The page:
Ukrainian local leaders believe EU cities and regions could help Ukraine's reconstruction efforts even before the war with Russia ends.
Ukrainian local leaders have voiced strong support for the involvement of European cities and regions in the reconstruction of Ukraine. They have also urged them to help with rebuilding key infrastructure even while the war continues, highlighting that the war has also brought destruction to parts of the country far from the current lines of contact between Ukrainian and Russian troops.
Their call for swift action, which was backed by a leading representative
of the incoming Czech presidency of the Council of the European Union, came
at a meeting organised by the European Committee of the Regions (CoR),
whose president on
said there was a need for "an Alliance to provide Ukraine’s regional and
local authorities with the practical support that they will need over the
coming years to rebuild Ukraine in Europe". Ukraine's President Volodmyr
Zelenskyy on 29 April asked EU regions and cities to establish twinning
agreements with Ukrainian counterparts, a suggestion then taken up by the
president of the European Council, and by the president of the European
Commission, Ursula von der Leyen. The European Commission on 18 May
setting out the direction of reconstruction work, proposing that EU cities
and regions could play a role through peer-to-peer partnerships.
, member of Kharkiv Regional Council and President of the Ukrainian
Association of Regional and District Councils, said "we need to start
re-building quickly", starting with "the regions now liberated" and to
ensure basic supplies – such as water and electricity – are assured before
winter. An alliance of cities and regions could be a "very efficient tool
of cross-border cooperation", he said.
, executive director of the Association of Ukrainian Cities, said Ukraine
would "need to incorporate the best international expertise", adding: "We
cannot allow ourselves to rebuild with a Soviet approach". Current figures
provided by Mr Slobozhan suggest that 68,585 facilities have been destroyed
or damaged, including 1,835 education institutions, 616 medical
institutions, and 330 bridges.
Similar comments were made by the Ukrainian government and Ukraine's
ambassador to the European Union. Anatolii Kutsevol,
Deputy State Secretary of the Cabinet of Ministers of Ukraine, said that
"cities and regions in Europe are best placed to understand the needs" of
Ukrainian municipalities, while Ivan Lukeria, Deputy
Minister of Communities and Territories Development of Ukraine, said that
the government was "collecting needs as well as practices in urban policy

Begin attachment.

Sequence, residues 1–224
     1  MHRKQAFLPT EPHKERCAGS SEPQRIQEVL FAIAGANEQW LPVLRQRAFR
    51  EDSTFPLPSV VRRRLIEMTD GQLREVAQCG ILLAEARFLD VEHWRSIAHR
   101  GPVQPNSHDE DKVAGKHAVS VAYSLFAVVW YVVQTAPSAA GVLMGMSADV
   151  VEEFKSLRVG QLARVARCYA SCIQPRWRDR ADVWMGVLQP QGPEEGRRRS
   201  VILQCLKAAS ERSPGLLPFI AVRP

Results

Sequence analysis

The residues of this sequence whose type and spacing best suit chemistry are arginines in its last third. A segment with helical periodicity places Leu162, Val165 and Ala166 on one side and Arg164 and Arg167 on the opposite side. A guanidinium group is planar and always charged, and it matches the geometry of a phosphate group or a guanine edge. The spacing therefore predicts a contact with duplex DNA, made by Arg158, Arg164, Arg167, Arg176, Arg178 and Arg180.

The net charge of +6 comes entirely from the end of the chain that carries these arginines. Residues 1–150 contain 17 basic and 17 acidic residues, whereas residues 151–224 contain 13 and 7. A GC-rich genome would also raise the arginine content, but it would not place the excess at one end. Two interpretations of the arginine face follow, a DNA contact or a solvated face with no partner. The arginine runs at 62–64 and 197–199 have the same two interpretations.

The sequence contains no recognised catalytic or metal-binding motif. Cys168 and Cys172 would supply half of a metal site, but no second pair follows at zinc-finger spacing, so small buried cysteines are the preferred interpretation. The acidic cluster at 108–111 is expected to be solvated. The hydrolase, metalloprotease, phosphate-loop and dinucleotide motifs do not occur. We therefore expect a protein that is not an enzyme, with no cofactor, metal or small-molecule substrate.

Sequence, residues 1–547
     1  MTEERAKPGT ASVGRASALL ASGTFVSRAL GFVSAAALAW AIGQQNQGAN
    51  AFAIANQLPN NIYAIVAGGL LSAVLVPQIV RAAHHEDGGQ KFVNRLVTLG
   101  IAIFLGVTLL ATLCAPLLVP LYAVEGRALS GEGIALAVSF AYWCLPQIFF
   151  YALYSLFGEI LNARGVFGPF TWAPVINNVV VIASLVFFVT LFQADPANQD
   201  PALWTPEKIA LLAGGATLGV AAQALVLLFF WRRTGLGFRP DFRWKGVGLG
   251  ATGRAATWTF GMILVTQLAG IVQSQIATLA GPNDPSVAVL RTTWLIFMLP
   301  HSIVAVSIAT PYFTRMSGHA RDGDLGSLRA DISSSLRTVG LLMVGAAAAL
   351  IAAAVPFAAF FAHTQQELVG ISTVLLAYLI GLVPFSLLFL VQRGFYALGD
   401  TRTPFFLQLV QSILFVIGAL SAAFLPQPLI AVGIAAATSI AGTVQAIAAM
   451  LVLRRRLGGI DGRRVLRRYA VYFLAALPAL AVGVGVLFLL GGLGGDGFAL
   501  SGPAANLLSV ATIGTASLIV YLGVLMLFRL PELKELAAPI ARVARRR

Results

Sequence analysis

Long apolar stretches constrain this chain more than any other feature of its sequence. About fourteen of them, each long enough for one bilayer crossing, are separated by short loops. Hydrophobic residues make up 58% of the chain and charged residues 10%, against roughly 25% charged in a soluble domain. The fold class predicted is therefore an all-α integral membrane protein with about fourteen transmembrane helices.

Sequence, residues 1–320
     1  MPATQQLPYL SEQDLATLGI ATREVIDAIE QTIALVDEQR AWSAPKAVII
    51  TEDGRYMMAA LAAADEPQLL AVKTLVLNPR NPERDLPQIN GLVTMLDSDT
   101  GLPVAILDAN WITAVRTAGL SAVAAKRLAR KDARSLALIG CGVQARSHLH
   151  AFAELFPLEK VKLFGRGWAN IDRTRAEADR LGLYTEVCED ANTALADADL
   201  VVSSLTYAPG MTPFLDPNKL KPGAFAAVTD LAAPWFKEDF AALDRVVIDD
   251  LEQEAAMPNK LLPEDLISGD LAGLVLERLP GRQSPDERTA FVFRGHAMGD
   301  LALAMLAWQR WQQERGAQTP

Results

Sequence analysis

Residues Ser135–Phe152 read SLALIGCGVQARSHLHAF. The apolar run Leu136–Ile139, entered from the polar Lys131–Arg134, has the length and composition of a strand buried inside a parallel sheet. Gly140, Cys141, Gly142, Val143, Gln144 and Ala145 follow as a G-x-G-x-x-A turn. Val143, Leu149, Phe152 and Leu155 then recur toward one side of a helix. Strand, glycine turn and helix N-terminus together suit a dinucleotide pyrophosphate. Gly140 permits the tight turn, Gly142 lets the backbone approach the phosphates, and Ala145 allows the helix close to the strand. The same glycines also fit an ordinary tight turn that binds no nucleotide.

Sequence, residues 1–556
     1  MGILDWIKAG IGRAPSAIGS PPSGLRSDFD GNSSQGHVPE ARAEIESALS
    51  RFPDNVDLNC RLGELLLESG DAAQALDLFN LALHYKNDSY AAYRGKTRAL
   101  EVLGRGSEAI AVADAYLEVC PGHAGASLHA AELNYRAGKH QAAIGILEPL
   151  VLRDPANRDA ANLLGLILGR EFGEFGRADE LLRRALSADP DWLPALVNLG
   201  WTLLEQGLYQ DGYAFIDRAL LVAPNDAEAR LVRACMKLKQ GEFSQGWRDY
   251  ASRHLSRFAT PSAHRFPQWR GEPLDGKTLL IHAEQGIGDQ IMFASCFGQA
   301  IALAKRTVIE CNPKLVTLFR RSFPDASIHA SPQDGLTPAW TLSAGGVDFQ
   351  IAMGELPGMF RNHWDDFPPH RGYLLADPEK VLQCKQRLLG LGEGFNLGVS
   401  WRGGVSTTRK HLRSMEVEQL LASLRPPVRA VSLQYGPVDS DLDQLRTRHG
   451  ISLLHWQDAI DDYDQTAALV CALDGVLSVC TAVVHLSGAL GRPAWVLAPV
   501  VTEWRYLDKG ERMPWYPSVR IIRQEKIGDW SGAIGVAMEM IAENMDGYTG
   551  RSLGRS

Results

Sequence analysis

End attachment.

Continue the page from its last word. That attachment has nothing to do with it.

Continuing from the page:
from across the EU". "European regions and cities can assist in rebuilding
communities right now," he said.
Ambassador Vsevolod Chentsov emphasised the need for swift
action. "We think that the so-called 'small reconstruction' of the areas
that have already been liberated should start without delay," he said,
citing the situation of Irpin, a municipality close to Kyiv, where 3,000
buildings had been destroyed or damaged, 4,000 families had completely lost
their homes, and 95% of "communal equipment" was destroyed.
There was also a call for early action from Jaroslav Kurfürst, the Czech Republic's special envoy for
the Eastern Partnership. "I believe we cannot wait until the end of the
war, because the war may be long and rebuilding should be started earlier,"
he said. He also highlighted the potential for action by cities, saying
that there are "examples of good cooperation already in place" and that
"some Czech cities have fantastic programmes".
The meeting of the CoR's
Working Group on Ukraine
was chaired by
, mayor of Gdańsk, a city that is a leading example of city partnerships,
including with the Ukrainian cities of Mariupol, Odessa and Lviv.
(EL/EPP), President of the CoR and Governor of Central Macedonia, said:
"Over the coming weeks, we need: to pool the good will of all European
stakeholders; Ukraine's local and regional authorities need to map needs;
cities and regions of the EU need to have access to a dedicated facility
and gather available funds; to tap European know-how; and to convene within
the CoR a conference to match up what is needed with what is available."
He continued: "The time has now come to start working together to build the
future of Ukraine in Europe, from the bottom up."
, head of the European Commission's Support Group for Ukraine, described
city-to-city and region-to-region support as "absolutely critical" and
praised the transformation in local government in Ukraine over the past
eight years. Decentralisation reforms has been "visionary" and "the success
of decentralisation is one of the cornerstones of the resilience" of
Ukraine. Decentralisation reform has been heavily supported by the European
U-LEAD with Europe
programme. The activities of the programme were repurposed after the
invasion on 24 February, to help meet the emergency needs of local
communities in all 24 regions of Ukraine.
of the German Council on Foreign Relations (DGAP) said the idea of
reconstruction beginning only after the war assumes that there is a clear
ending. "I think we need to move faster and to expect a contested
environment. There will be an ongoing conflict," he said, adding that "for
European cities to move into highly contested areas" would be "new".
Other speakers at the meeting included: Richard Tibbels of
the European External Action Service (EEAS); Jean-Erik De Zagon, head of the European Investment Bank's
representation for Ukraine; Bastian Veigel of the ULEAD for Europe programme; Dorothée Allain-Dupré of the OECD Centre for
Entrepreneurship, SMEs, Regions and Cities; and Janez Šušteršič of the consultancy RE-FORMA.
The meeting of the Working Group on Ukraine, held on 23 May in the European
Committee of the Regions and online, can be
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